They had many small parks, sometimes just a corner with some trees and bushes and a mural or statue. They have used old cannons and cannonballs as decoration on many of the small streets, but I also saw modern art.


Sometimes, they were placed to stop cars from driving up the streets.



“So I said to him, why would I need a torso?”


Lamps grow on trees, didn’t you know?

Last Thoughts

Cuba seems like a rather poor country. They are building and renovating a lot in Habana, so maybe in about five years Habana will not seem poor anymore, but I do not know when it will spread to the rest of the country.


A house we passed on the hike from Hotel Hanabanilla.

They seem to run out of things. For example, I did not have any ice cream while I was there, because they never had any. Some places had signs showing typical nestlé ice creams, but no ice cream.


At sunset in Trinidad.

I did not have any internet while I was there. It is possible to buy internet cards, which give one access to internet for an hour per card, if you are at a hotspot. My sister told me that they worked fine, although some homepages were blocked, typically by the United States.


On the same street as our casa particular in Habana. I think this was a school? On a side note: Education is free in Cuba. For Cubans of course.

We spent a large percent of our time in busses and taxis. The taxis were of course an experience in themselves, but I would have liked to walk around more in between. If you are thinking of going to Cuba, I recommend spending at least two nights in each place, and if you are from Europe, I recommend spending at least two weeks in Cuba, to get some more time without jetlag.


I met this man at the airport.

It took a lot longer to write about Cuba than I thought it would. I hope you enjoyed reading about my trip, and that I have inspired you to visit Cuba. It is definitely an experience.


The next post will be flash fiction, I promise.

A Trip to Cuba, Part 3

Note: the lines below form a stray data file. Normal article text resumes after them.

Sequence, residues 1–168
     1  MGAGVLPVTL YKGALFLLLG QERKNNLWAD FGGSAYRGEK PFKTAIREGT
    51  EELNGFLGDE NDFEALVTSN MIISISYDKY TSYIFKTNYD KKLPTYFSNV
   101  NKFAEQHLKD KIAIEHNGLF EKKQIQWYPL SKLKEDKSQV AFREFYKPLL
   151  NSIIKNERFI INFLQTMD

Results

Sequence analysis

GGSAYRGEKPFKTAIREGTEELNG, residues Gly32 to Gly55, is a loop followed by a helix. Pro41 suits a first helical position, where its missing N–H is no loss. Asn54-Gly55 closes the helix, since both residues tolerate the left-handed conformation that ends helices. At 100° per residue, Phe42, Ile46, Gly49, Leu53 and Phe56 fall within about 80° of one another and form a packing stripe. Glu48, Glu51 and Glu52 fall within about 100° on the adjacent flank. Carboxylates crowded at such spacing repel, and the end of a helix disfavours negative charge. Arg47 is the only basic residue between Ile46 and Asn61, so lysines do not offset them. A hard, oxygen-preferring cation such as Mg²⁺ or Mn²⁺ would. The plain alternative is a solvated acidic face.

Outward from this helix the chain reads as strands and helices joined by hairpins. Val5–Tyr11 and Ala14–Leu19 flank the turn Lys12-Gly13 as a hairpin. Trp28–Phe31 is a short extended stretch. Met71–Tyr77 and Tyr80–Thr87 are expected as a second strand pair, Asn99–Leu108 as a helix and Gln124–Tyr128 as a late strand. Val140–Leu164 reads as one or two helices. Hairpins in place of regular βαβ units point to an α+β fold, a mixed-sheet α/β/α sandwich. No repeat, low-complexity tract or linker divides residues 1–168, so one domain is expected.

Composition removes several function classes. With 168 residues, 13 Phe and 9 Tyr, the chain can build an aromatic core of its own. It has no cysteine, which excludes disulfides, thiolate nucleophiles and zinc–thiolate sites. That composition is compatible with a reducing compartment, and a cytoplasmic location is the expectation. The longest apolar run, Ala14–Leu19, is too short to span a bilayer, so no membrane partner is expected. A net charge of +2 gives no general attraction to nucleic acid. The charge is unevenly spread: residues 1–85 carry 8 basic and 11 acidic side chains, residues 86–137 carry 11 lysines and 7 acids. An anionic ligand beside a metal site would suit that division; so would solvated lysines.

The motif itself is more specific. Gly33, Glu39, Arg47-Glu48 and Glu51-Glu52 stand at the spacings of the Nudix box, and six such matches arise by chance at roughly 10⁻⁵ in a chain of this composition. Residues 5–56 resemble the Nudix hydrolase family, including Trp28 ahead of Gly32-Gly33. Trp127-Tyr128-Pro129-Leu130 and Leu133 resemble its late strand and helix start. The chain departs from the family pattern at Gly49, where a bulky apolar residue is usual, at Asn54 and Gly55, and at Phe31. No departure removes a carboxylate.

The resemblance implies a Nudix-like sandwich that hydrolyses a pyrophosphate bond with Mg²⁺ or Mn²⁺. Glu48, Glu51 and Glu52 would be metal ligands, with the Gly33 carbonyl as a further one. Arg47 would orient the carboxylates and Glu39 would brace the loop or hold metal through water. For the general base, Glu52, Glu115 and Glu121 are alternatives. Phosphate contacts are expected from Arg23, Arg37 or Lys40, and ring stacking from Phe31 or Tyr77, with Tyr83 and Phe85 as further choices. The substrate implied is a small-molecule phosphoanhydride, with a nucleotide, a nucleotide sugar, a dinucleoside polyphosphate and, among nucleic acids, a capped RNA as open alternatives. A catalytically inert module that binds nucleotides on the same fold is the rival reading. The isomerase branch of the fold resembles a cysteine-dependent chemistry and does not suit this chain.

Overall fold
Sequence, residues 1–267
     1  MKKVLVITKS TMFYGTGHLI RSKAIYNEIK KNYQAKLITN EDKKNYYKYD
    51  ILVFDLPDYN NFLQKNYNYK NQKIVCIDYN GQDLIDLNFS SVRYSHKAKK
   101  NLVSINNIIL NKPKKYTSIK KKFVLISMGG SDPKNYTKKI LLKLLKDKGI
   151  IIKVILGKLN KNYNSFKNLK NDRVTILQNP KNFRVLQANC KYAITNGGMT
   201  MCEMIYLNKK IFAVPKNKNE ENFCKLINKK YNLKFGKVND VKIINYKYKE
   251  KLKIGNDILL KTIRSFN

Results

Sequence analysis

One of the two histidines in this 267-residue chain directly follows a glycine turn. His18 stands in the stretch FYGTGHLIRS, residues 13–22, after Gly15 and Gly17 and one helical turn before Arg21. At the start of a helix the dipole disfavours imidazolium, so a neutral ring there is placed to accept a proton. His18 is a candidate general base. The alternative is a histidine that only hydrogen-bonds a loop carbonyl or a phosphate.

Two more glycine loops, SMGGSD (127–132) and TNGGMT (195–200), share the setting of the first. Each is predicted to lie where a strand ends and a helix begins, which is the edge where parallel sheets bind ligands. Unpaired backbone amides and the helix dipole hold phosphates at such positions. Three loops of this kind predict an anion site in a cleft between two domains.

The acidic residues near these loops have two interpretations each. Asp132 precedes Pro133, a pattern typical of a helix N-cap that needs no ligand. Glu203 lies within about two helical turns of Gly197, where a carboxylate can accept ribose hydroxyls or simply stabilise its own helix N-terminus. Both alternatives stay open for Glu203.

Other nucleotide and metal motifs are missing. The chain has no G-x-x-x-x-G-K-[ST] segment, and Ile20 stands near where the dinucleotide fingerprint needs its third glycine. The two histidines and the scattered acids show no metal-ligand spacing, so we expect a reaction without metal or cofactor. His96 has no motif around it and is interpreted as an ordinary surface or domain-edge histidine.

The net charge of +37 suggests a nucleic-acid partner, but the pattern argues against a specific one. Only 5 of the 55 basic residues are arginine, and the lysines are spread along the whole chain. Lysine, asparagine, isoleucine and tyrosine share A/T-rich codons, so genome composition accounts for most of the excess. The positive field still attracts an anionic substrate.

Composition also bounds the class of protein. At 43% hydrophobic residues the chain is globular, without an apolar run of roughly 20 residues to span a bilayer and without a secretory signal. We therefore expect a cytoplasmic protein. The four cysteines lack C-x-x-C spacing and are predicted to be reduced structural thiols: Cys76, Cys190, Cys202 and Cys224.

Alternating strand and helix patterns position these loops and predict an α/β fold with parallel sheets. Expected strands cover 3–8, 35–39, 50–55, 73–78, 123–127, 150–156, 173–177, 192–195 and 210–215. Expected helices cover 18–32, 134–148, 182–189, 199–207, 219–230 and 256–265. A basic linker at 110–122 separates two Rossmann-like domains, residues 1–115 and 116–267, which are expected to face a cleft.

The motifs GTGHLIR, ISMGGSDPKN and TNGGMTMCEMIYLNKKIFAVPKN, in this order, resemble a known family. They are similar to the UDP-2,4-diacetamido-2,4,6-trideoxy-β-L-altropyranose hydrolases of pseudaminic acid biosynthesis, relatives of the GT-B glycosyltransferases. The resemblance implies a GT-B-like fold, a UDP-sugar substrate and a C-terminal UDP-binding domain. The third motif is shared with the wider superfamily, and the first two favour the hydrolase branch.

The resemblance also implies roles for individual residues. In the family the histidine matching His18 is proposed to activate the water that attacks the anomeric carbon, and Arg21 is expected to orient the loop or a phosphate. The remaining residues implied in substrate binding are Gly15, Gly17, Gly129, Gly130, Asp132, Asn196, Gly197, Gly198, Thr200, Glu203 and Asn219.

We arrived at Hotel Hanabanilla in the afternoon. The hotel is on the shore of a large lake created by a dam, which is close by. It is built in two parts with small bridges between them and has very comfortable rooms each with a small balcony with a view over the lake.


View from one of the small bridges between the two parts of the hotel.

The rest of that day felt like a slow Sunday. While eating some sandwiches for a late lunch, we were entertained by some chickens chasing each other for a piece of ham dropped by a waiter. When I went to my room later, I was pleased to find that they had hot water in the shower.


The very empty pool. It seems like it was being repainted.


I woke to birdsong and strong sunshine the next morning.


From the balcony of my room.

After breakfast, we went for a walk up the only footpath we could find. Maybe it is the only one there I; we could not see any others on the map, they had on the wall at the reception, and the hotel shop did not sell any maps of the area.


I saw this tree on the way. It has some kind of fruit or nuts on it, but I don’t know what it is. If you know, please tell me in the comments.

We saw lots of vultures. Three of which sat on the path right in front of us until we came too close and they flew away.


If you zoom, you can see one spreading its wings, another behind it and a third to the right.